The Vilcek Foundationestablished in 2000, desires to "raise awareness of immigrant contributions in America and foster appreciation of the arts and sciences" (Vilcek Foundation, 2017). Founded by two immigrants from the former Czechoslovakia, the organization was inspired by their immigration experiences and their appreciation of the opportunities they found through the arts and sciences upon arriving to the U.S. Through grant programs, titled  The Vilcek Prizes , the foundation awards grants to foreign-born artists and biomedical scientists who have demonstrated exceptional talent in their field. In part, these prizes are awarded to bring attention to the numerous positive contributions made by immigrants in the United States. Additionally, the founders, Jan and Marica Vilcek, began an extensive immigrant  art collection to  spark the interest of scholars and other art exhibitions around the country. The Vilcek Foundation also supports organizations who have similar missions, including the New American Filmmakers program at the Hawaii International Film Festival.

The Vilcek Foundation raises awareness about immigrant contributions in the United States through its demonstration of featured artists. Their current featured artist, winner of the 2017 Creative Promise,  Meleko Mokgosi , is a native of Botswana. Meleko immigrated to the United States after high school and attended Williams College before going on to complete his MFA at UCLA. Meleko is an exemplary artist, demonstrating his political views through art, particularly focusing on complex social and political realities of Africa. He has also focused on social issues, including nationalism, anticolonialism, and xenophobia.

CultureStrike was founded in 2011 as an arts-based strategy hub and currently connects a national network of over 200 socially engaged artists. With a visionary strategy of promoting proactive approaches towards long-term cultural change, CultureStrike uses art narratives, mobilizing images, sounds, and stories to change public opinion on social issues. Using a narrative based approach, CultureStrike operates through a migrant lens that gazes across numerous issues, highlighting the beauty and complexity of art and culture from communities who have been oppressed, labeled as criminal, or unwelcome. CultureStrike has provided an environment, both in space and in funding, for professional development of creative artists and immigrant movement groups to enhance projects which inspire artists and audiences in the fight for social justice. CultureStrike has a number of current projects, all which enhance the capacity for marginalized communities to tell their stories through art, including a  Climate Change PortfolioMobilize the Immigrant Vote (MIV) posters, and  UndocuWriting (space for undocumented writers to publish their craft).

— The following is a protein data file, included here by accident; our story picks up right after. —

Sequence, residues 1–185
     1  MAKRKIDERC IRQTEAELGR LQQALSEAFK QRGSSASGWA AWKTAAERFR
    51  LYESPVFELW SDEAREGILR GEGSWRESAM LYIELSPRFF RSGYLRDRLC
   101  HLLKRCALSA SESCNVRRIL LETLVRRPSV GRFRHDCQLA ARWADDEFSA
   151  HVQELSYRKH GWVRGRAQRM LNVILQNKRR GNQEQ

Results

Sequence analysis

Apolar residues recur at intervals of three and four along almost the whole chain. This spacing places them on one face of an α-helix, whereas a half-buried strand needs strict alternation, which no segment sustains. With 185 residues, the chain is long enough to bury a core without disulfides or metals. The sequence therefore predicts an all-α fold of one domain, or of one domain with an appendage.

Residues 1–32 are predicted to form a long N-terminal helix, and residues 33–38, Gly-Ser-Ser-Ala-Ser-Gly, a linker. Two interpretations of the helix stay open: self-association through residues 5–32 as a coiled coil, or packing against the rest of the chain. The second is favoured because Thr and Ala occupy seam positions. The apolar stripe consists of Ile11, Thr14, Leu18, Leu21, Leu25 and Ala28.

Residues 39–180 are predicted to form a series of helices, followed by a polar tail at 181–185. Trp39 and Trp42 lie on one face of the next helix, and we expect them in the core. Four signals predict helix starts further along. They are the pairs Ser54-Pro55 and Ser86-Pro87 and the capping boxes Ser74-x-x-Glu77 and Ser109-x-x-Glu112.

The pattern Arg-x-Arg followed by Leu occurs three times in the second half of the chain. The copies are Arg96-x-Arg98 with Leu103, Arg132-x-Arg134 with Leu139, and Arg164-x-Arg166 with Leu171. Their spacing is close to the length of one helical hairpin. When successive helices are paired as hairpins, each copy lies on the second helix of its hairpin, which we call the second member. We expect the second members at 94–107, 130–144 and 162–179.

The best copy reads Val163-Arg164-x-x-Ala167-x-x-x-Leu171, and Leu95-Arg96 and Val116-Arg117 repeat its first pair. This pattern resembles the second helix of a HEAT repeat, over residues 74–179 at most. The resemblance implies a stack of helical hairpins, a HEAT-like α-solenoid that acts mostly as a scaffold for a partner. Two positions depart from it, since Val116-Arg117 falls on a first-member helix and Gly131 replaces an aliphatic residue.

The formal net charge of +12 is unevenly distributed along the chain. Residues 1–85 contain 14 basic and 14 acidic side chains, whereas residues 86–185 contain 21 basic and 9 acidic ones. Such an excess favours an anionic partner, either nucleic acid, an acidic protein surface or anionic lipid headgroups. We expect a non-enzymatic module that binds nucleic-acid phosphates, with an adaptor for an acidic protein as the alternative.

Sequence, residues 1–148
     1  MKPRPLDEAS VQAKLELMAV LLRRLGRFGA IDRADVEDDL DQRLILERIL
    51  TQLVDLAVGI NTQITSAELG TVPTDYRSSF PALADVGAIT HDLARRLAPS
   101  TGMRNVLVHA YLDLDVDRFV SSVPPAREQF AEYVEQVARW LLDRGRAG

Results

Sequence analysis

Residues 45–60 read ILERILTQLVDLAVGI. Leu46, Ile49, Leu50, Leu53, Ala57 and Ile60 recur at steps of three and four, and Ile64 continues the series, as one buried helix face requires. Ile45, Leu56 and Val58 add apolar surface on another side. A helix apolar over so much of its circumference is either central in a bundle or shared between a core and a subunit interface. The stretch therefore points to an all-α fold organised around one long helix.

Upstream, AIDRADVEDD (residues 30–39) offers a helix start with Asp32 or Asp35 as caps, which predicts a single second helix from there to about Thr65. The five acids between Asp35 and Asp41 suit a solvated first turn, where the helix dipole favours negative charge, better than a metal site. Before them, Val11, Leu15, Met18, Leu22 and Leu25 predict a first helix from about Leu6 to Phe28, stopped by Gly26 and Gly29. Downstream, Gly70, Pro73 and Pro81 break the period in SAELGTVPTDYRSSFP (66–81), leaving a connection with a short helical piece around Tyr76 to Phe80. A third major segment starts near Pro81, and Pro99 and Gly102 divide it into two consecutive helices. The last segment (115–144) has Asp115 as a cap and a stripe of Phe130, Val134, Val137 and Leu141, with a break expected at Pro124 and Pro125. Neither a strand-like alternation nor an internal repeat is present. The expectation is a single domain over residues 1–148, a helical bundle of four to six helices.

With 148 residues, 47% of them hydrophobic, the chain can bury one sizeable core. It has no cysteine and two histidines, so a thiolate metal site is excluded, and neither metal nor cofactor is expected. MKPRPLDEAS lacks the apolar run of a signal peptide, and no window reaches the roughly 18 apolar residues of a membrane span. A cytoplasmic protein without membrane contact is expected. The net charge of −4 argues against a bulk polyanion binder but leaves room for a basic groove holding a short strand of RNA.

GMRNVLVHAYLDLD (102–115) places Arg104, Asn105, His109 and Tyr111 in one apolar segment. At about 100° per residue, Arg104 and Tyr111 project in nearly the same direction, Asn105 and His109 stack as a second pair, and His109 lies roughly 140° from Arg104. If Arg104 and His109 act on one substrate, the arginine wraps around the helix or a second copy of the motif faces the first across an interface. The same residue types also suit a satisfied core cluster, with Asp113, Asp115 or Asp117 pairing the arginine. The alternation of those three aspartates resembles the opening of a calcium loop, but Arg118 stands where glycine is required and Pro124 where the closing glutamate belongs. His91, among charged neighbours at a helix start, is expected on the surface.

CultureStrike's Executive Director, Sham-e-Ali Nayeem, has stated, "It is through art and culture that we are able to shift our collective consciousness and transform this grim political climate we find ourselves in. There is a significant cost our communities pay when we are not the ones uplifting our own truths. We have a tremendous opportunity to strengthen our creative alliances and shift cultural narratives that harm us. I invite us all to imagine the kind of world we wish to see and assert the safety and dignity of our communities" (Nayeem, 2016). In our current political climate, it remains ever necessary to fight for the rights of all marginalized groups, and to stand witness to the intersectional nature of issues such as immigrant rights, women's rights, racial justice and equality, LGBTQ rights, disability justice, and climate change. 

The New York Foundation for the Arts  (NYFA) was established in 1971 in hopes of empowering artists in New York, providing them with the resources needed to live and work. In recent years, the NYFA has established the  Immigrant Artist Program  (IAP), designed to serve a community of immigrant artists who come from diverse backgrounds but share the experience of immigrating to the United States. The mission of IAP is to connect foreign-born immigrants with necessary services and opportunities to foster their growth as artists. The IAP consists of three separate parts: a Mentoring Program for Immigrant Artists; a free newsletter, entitled the  Con Edison IAP Newsletter, which  lists opportunities for artists in New York and creates a virtual community for sharing ideas and experiences; and the  IAP Resource Directory , providing newcomers to New York with resources needed to begin their lives as young professional artists, including Arts Councils, Immigrant Rights & Legal Services, Workspace for Artists, and Job Listings.
The  Mentoring Program for Immigrant Artists  pairs foreign-born artists with artists who have been a part of the NYFA fellowship programs in the past. This relationship enables interaction between mentors and mentees, providing insight, opportunities, and support over the course of three months. Through the building of this relationship, foreign-born artists are provided with greater access to the art and culture of New York, and are able to offer an exchange of ideas, experiences, and resources to each other. The mentorship fosters a sense of community and provides foreign-born artists with skills needed to become a successful artist living in New York.